The 2015 International Business Awards will open for entries in January. You can learn more about it here. In the meantime, the deadline for entries for the 2015 German Stevie® Awards has been extended to February 11, 2015. Find out more about how to enter here.
We asked Karin Schlautmann, Executive Vice President Corporate Communications of Bertelsmann and responsible for the Stevie® Award-winning annual report, for some comments on what winning a Stevie® Award has meant to her and an overview of the creative and media scene in Germany today.
Bertelsmann decided to publish the content of their 2013 Annual Report on as many platforms as possible when it was published in March, 2014. The report was made available in print form, as an interactive online version, and as an app. Bertelsmann also presented the report’s content on its social media platforms and on media walls at the company’s various sites.
The online versions of the Annual Report included a variety of interactive extras, such as four short films showing the progress made in implementing the Group's strategy, as well as an exclusive “making-of” on the photo shoot for the Annual Report, plus interviews with the Bertelsmann Executive Board and Group Management Committee.
“We’re very happy about the various Stevie Awards that both the print and online versions of our 2013 Annual Report have won,” Karin told us. “The awards honor the unusual, bold concept we chose for our Annual Report, which serves as our company’s business card. Our heart and soul and a lot of hard work went into every page, so prizes like the Stevies are a reward for this, and also a motivation to make next year’s even better!”
Transformation to Digital
With the upcoming German Stevie® Awards, we are asking German-based companies and organizations for their expertise on a variety of topics. We asked Karin for her tips on the creative media and communications scene in Germany.
“The most important job of communications is to support a given business strategy everywhere in the world. So in this respect, the essentials of communications in Germany probably only differ marginally from communications in other countries,” Karin suggested.
“In general, of course, you should always understand and consider the individual cultural practices of the country in which you’re doing business and conducting communications,” Karin added. “At Bertelsmann, we are very eager to constantly develop innovative communications offerings, without neglecting tried and tested channels. This is especially true in the digital domain. At Bertelsmann, the transformation to digital is a core component of our corporate strategy and has long since become a reality in our businesses. We need to take this into account in communications as well.”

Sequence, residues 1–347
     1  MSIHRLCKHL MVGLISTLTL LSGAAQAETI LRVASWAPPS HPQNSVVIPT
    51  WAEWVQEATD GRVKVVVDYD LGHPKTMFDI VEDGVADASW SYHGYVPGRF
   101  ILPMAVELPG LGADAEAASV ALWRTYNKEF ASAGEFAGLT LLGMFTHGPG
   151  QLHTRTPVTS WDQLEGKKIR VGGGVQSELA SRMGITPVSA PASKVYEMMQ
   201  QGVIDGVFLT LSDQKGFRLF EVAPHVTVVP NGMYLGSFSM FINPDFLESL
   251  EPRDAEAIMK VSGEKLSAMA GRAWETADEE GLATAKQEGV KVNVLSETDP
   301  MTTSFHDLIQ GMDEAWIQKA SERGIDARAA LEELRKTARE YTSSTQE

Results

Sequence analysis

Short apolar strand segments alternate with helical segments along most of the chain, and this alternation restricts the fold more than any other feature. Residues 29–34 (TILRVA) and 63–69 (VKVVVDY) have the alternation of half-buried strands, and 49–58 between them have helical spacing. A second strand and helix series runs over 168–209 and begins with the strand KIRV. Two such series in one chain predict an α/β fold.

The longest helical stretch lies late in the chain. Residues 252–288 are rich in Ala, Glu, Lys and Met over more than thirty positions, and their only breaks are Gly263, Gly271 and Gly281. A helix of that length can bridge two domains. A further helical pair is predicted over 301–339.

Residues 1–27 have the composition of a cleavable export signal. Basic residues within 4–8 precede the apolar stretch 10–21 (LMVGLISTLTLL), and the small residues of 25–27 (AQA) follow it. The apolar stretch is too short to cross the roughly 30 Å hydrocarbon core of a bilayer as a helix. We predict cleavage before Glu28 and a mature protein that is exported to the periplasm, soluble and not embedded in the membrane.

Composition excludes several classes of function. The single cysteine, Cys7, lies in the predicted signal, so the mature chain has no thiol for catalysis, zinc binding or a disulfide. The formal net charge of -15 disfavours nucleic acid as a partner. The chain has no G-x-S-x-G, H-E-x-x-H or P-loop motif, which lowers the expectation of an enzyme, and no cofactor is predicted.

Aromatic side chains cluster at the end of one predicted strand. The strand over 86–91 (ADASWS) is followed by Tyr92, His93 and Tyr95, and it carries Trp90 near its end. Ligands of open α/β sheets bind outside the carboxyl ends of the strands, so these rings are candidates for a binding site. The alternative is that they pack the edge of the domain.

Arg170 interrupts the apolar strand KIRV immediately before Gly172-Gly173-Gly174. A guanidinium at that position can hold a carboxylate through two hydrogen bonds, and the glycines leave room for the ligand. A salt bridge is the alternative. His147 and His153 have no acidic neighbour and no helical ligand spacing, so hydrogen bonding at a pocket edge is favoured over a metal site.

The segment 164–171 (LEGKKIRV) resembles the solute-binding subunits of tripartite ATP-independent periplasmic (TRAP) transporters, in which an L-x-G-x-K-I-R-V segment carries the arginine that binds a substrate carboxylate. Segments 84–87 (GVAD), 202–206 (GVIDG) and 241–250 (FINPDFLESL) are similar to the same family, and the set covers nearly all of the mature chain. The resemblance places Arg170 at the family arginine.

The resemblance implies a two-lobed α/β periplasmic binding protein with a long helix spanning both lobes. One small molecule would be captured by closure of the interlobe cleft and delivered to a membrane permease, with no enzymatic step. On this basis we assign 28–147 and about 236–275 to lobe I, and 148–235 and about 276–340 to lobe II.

Understanding Digital Channels
Karin also commented on the plethora of apps and blogs that abound in her industry. “Personally, I’m a great fan of magazine apps and I’m always looking at new ones to find inspiration. But the crucial thing isn’t what appeals to me personally: what’s crucial is that you know your way around all the digital channels and develop a feel for themes, options for dialog, and ways to go about things,” explained Karin. “We’ve significantly strengthened Bertelsmann’s social media presence in the past years. For example, we now have a “Social Cloud” that pools all the social media activities of Bertelsmann companies. It currently depicts more than 6,000 channels with a total of around 636 million followers.”
Communication for Inspiration
Karin enjoys the challenges of her profession. “Communicating means connecting with people, moving them, eliciting reactions, and getting feedback–that’s what I love about my work,” she told us. “And nothing’s going to change about these basic elements, regardless of what channels they takes place on in the future.”
About Karin Schlautmann
Karin Schlautmann is Executive Vice President Corporate Communications, Public Affairs, and Marketing at Bertelsmann SE & Co. KGaA. She became Head of Communications of the Bertelsmann Foundation in May 2007 and a member of the Group Management Committee (GMC) in December 2011.
As a student, Karin studied literature and history, and completed an internship at the Westfalen-Blatt newspaper in Bielefeld, Germany. She then joined Bild newspaper in Chemnitz in 1991 and in 1994 she became a member of the editorial team of Thomas Gottschalk’s late night show on German television.
In 1995, Karin was appointed chief reporter of “Bild” newspaper in Munich, followed by posts in Hamburg and Berlin as chief reporter and head of the entertainment desk. In 2001, Karin became an editor for the women’s magazine Bunte. She joined Gala magazine as Deputy Editor-in-Chief in 2002 before taking up successive executive roles at Frau im Spiegel magazine in October 2002, where she served as Editor-in-Chief from March 2003.
Bertelsmann is an international media company encompassing television, book publishing, magazine publishing, media services, and media clubs in more than 50 countries. Bertelsmann’s claim is to inspire people around the world with first-class media and communications offerings–entertainment, information, and services–and to occupy leading positions in its respective markets.